No other Pixel phone has gotten this kind of push. But what about the price of the Google Pixel 3a? It’s a hell of a lot cheaper than previous Pixel phones. And it has a headphone jack too. Could this (the price, not the return of the headphone jack) be the real reason why the Pixel 3a is doing so well?
I mean, LG and Sony both have pretty good distribution in the US too, but you don’t see either of those brands posting news about 2X’ing phone sales year on year. Personally, I think Google has finally given users what they want – an affordable flagship handset that works great and packs in the best version of Android on the market.
This is what the Pixel phone should have been about all along; solid software, decent cameras, and low-ish price tags. This is all people want and in the Android space, affordable phones with decent software that actually gets updated regularly are still far too rare.
Cheap Android Phones That Get Proper Android Updates
This was ALWAYS the niche Google should have gone after. But instead of doing this it decided to try and compete with Apple when it came to pricing.
This was a mistake. Lest we forget, it took Apple 10 years to get to the $1000 price tag for the iPhone X. And when it did release that phone, with its eye-watering price tag, it knew it had a pool of at least 50 million people that would definitely buy it.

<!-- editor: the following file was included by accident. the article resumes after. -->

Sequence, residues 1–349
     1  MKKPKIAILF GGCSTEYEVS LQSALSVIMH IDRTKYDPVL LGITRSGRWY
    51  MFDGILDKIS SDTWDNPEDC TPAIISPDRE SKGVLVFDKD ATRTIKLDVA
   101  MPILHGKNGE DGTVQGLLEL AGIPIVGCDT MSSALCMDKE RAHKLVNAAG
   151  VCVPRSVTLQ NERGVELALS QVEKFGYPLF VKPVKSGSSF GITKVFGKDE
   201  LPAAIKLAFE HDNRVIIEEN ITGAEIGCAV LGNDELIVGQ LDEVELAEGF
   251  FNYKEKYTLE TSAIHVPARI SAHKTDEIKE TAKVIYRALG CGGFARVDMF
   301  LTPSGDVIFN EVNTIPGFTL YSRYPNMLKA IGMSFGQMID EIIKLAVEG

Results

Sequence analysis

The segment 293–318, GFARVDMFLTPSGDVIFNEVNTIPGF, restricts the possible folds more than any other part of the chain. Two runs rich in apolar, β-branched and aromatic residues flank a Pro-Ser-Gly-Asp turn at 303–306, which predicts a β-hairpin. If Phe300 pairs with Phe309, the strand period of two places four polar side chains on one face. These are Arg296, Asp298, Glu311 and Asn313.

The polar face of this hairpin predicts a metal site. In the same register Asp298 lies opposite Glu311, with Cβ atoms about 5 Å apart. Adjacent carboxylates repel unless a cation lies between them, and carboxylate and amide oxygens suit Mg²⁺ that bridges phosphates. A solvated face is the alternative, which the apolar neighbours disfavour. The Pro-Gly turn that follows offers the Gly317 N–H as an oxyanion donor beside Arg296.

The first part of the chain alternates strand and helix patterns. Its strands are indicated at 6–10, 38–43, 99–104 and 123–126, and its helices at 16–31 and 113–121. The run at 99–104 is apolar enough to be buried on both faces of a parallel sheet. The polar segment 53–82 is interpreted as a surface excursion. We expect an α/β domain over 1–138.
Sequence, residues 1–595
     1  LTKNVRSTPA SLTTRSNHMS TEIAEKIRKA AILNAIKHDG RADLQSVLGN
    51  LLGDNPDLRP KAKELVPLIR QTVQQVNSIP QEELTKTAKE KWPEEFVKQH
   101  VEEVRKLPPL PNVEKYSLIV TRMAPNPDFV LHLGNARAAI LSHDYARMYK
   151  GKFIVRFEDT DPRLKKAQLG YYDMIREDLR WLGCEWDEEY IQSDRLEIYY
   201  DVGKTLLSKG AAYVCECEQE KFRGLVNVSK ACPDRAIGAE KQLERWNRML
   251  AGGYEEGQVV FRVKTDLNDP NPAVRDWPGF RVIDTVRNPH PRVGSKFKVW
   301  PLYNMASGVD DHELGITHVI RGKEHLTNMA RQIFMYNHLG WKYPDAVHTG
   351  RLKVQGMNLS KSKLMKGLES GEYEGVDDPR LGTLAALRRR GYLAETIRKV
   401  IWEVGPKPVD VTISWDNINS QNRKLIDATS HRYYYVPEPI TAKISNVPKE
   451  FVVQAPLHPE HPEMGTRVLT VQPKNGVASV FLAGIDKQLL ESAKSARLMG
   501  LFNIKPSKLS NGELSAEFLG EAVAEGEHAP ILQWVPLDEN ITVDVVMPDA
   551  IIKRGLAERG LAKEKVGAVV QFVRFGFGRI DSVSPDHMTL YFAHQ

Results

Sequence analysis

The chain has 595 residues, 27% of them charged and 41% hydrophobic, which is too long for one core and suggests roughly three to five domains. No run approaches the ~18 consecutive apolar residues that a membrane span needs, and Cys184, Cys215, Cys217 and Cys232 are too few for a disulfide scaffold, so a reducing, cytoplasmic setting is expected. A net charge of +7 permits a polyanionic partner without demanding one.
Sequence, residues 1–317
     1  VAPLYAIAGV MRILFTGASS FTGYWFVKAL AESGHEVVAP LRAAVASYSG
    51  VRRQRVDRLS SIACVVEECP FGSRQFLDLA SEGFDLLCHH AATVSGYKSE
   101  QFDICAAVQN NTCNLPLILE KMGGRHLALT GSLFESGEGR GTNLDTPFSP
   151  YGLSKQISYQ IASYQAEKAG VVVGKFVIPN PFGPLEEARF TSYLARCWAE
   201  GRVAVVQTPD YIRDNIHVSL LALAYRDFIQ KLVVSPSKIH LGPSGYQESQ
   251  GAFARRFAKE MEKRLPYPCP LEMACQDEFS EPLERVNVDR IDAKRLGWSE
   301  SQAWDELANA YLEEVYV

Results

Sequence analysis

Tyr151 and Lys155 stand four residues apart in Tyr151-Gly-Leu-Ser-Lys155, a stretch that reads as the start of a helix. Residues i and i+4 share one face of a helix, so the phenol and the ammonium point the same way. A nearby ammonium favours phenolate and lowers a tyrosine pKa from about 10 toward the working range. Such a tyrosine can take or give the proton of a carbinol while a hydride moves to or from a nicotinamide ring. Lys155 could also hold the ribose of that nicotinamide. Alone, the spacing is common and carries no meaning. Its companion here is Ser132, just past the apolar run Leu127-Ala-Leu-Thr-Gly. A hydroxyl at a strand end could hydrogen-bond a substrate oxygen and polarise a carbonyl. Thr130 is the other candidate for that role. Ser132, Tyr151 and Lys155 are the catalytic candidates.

I’ve lost count of the number of emails I’ve had from readers about their cheap Android phones breaking, bricking, or simply working correctly. Nine times outta ten, it’s the software – they’re running super-old versions of Android. Other times, it’s shoddy hardware. And make no mistake: this problem is RIFE in the Android ecosystem.
The Google Pixel 3a, with its $400 price tag, costs 60% less than Apple’s iPhone XS Max flagship and 50% less than its “cheaper” iPhone XR. It has a great camera, great software, the display is great, and its battery life is very good too. Hell, I’m a tech journalist and I use one, so it must be pretty decent, right?
Has Google learned its lesson? Will the Pixel 3a pricing remain in place from here on out? I really hope it does because the Pixel 3a, to me, as a long-time Nexus/Pixel user, is EXACTLY what Google’s Pixel range should be all about: value for money, software, performance, and utility.
And if you can impress a tech journalist with your $400, enough that he goes out and buys one, then convincing the general public should not be a problem.
Long live the Google Pixel 3a!